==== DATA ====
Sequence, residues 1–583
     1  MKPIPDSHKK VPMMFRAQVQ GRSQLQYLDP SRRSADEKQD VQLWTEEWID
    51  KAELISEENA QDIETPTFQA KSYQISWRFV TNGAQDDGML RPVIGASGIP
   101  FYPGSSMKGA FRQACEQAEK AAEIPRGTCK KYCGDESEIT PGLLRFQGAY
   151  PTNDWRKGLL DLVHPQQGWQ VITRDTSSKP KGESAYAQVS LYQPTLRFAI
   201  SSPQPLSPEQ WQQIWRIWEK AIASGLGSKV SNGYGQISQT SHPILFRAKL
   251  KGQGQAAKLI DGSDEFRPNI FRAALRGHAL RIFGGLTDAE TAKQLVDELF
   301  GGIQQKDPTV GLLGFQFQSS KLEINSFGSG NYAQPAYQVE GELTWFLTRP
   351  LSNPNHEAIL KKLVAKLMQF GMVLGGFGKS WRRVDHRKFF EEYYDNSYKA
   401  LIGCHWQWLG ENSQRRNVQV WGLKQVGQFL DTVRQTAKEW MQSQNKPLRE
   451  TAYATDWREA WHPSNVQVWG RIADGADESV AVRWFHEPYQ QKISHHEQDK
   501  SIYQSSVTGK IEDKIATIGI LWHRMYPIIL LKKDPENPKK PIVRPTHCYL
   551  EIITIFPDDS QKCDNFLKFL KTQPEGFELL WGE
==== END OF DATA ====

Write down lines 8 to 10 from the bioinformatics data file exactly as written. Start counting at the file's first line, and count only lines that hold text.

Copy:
   301  GGIQQKDPTV GLLGFQFQSS KLEINSFGSG NYAQPAYQVE GELTWFLTRP
   351  LSNPNHEAIL KKLVAKLMQF GMVLGGFGKS WRRVDHRKFF EEYYDNSYKA
   401  LIGCHWQWLG ENSQRRNVQV WGLKQVGQFL DTVRQTAKEW MQSQNKPLRE